What can we pastors to do remedy this disconnect that truly exists in the minds and expectations of our people? Dr. Yahnke again made an appeal to pastors, as if speaking for all of our lay people, but I’ll speak from pastor to pastors.
We pastors must speak powerfully in the face of our post-modern culture. After all, our sheep are grazing in those pastures every day. Our people need to see that spirituality as revealed and given in the Scriptures is the real venue to genuine happiness. We pastors need to preach regularly on vocations such as mother and father, on the holy estate of marriage, and on receiving the love of the living God and His eternal yet presently life-changing gifts.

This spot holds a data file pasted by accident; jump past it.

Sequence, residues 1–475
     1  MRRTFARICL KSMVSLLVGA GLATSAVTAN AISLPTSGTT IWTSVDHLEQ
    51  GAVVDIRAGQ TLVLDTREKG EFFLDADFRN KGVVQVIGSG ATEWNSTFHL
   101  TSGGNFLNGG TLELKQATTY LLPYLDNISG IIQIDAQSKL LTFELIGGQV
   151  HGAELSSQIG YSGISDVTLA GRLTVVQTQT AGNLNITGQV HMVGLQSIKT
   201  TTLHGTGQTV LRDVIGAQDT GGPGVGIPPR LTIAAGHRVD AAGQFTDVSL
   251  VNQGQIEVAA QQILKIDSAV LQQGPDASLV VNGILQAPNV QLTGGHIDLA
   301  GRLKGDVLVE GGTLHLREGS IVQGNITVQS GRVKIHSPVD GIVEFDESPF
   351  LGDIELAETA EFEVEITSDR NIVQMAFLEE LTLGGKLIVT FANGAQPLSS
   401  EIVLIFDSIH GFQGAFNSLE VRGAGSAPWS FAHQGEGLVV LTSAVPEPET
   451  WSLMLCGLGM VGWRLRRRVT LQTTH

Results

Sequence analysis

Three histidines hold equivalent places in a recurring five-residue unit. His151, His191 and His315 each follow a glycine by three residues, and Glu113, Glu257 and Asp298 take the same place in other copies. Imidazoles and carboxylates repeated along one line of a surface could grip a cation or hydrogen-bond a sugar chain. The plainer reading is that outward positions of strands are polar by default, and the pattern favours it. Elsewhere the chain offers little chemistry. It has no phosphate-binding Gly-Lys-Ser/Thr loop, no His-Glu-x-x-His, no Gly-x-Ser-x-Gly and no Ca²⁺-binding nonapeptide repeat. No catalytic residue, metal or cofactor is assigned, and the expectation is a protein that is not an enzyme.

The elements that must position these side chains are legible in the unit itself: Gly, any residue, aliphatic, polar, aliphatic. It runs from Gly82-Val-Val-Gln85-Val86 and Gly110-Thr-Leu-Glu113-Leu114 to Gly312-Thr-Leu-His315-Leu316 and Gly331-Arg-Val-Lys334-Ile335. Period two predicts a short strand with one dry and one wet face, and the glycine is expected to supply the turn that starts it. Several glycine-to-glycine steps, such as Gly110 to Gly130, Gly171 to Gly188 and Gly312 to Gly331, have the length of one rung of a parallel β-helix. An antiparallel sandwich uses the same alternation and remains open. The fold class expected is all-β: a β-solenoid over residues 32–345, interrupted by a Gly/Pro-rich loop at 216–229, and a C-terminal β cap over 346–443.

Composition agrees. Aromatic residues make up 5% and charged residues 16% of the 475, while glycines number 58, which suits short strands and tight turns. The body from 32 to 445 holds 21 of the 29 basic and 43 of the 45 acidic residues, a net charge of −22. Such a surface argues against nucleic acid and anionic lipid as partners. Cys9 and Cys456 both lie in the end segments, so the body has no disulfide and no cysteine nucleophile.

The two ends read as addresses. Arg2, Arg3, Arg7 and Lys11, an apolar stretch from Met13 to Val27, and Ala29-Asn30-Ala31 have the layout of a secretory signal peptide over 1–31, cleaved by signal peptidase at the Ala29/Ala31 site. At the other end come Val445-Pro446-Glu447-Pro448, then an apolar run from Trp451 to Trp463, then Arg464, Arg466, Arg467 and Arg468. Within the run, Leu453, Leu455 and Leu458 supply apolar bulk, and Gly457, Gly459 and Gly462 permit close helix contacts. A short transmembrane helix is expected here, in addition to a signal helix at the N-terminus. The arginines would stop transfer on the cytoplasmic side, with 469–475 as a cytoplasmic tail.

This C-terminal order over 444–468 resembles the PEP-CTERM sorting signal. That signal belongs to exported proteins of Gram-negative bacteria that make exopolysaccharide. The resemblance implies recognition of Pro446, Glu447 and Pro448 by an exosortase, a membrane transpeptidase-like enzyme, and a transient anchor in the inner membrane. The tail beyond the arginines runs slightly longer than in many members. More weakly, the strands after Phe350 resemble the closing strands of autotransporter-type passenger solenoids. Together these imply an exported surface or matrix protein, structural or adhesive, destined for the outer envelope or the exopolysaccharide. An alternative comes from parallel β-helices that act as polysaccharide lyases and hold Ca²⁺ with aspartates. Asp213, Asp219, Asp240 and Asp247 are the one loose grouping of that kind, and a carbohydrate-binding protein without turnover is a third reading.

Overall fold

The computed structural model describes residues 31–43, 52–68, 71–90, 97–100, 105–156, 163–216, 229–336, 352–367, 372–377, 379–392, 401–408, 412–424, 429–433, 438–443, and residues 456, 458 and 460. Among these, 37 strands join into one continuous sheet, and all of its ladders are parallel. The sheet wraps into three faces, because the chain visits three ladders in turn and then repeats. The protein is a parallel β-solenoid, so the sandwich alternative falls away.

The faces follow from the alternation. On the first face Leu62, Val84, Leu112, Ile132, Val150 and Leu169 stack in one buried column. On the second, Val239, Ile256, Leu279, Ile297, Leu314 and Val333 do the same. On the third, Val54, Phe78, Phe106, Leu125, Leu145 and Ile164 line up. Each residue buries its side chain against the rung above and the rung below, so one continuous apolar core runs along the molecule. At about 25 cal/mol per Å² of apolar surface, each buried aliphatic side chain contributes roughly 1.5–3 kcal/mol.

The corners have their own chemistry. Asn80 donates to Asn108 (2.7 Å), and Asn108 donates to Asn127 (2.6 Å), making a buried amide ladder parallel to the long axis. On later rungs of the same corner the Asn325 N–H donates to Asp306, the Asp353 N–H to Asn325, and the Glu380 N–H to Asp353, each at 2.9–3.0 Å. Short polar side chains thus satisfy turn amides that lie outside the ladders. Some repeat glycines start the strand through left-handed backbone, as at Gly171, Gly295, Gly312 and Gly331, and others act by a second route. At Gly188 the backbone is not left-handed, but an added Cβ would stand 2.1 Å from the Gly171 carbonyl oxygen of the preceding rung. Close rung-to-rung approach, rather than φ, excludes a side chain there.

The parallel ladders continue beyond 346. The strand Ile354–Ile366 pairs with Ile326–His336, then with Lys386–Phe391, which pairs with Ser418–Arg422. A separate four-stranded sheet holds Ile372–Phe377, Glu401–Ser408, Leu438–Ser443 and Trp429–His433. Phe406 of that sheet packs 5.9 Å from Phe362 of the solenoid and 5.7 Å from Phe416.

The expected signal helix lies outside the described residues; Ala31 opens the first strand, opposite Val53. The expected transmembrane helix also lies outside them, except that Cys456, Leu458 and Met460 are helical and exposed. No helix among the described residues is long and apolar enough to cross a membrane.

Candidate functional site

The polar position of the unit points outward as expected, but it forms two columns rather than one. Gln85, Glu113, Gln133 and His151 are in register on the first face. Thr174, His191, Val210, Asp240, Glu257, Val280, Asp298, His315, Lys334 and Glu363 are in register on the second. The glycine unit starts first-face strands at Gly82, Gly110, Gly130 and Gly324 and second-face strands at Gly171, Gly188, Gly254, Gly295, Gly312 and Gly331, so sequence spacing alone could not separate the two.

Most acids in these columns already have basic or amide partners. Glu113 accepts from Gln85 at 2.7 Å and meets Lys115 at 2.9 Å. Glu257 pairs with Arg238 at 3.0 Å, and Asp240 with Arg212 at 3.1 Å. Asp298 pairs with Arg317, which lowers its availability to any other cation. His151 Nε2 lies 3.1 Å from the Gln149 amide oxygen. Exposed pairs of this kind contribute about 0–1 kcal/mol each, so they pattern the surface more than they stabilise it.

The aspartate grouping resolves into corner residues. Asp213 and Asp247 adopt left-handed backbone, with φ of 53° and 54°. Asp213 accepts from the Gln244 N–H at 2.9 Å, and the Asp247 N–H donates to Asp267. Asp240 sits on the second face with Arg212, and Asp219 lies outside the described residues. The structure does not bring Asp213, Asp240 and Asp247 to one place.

Our people do not want us to “get in the way” of God’s Word. They want us to talk about God and His Word, yes, but they also want us to talk in understandable ways and in terms that show we understand the life in which they live, work, rest and play.
While we pastors know it intellectually, we certainly do well to hear our people tell us: “Sir, we would see Jesus.” In all that we do and say, in all of our preaching and teaching, our people want to see Jesus. And, as Dr. Yahnke mentioned, we do well to boil it all down to two sentences or concepts that we want our people to take home with them.